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Russia raises interest rate to 13% as economy struggles

Russia’s central bank raised its key interest rate by a percentage point to 13% on Friday, a month after imposing an even bigger hike.

Concerns about inflation persist and the ruble continues to struggle against the dollar. In August, the bank raised the interest rate to 12%, a jump of 3.5 percentage points, as the ruble fell to 100 against the greenback.


And, although the ruble exchange rate has improved slightly after the rate hike, it remains around 95 to the dollar, significantly weaker than a year ago, when it traded around 60 to the dollar. American dollar.

By raising borrowing costs, the central bank is trying to combat rising prices as Russia imports more and exports less, particularly oil and natural gas, with increased defense spending and sanctions that devastation. Importing more and exporting less means a smaller trade surplus, which generally weighs on a country’s currency.

“Export revenues from the sale of oil are our most important source of income. These revenues have already decreased by around 40 to 45 percent and it appears that this trend will continue,” said Ruslan Grinberg, scientific director of the Russian Institute of Economics. Academy of Sciences.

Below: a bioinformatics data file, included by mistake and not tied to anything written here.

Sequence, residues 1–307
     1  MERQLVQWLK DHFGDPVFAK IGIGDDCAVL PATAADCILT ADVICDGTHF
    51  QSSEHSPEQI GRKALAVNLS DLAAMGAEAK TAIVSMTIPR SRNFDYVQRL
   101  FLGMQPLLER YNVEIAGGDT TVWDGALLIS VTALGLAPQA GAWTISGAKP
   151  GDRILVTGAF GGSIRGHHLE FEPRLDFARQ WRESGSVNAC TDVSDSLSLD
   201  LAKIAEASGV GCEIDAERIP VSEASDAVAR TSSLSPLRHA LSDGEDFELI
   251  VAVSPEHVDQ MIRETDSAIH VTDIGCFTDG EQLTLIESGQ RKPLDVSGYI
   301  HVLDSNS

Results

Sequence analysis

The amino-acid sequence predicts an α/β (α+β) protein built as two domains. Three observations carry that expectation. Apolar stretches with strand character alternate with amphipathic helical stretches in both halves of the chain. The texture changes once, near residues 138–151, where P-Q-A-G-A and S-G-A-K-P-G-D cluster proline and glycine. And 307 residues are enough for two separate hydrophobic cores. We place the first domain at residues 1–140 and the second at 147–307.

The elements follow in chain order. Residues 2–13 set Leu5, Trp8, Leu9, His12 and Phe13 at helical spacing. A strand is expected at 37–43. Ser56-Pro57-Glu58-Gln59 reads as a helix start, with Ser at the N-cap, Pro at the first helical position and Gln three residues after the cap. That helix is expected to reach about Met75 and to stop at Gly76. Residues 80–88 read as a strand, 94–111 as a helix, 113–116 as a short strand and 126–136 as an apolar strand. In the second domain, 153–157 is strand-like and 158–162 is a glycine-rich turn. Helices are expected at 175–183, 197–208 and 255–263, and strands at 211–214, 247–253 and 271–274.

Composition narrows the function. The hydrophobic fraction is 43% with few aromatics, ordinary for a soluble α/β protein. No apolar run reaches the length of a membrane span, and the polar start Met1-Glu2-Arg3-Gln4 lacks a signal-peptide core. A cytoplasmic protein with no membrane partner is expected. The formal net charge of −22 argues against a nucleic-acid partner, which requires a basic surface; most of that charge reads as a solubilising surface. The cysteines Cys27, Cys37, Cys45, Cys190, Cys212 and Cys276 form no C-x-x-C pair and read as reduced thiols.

Unemployment – ​​or lack thereof – is also a problem. Even before the war, Russia had a problem with its low birth rate, which meant it had a small workforce. Since the invasion, there has been a brain drain to former Soviet states like Georgia and many men have been drafted into the army.

“The Russian economy is working at the limit, at the absolute limit of its capabilities. And this can be verified, first of all, by such an indicator as unemployment, which is at historically low levels. This means that it “There’s literally no one working in the country,” said Alexandra Prokopenko of the Berlin-based Center for East European and International Studies.

“When there is no one to work, it means that production capacity is pushed beyond reasonable limits. So the Russian economy is doing its best to overcome the pressure it faces after Vladimir’s decision Putin to invade Ukraine.”

Yet the Russian government recently upgraded its economic growth forecast for 2023 to 2.8% and predicted that next year GDP would grow by 2.3%.


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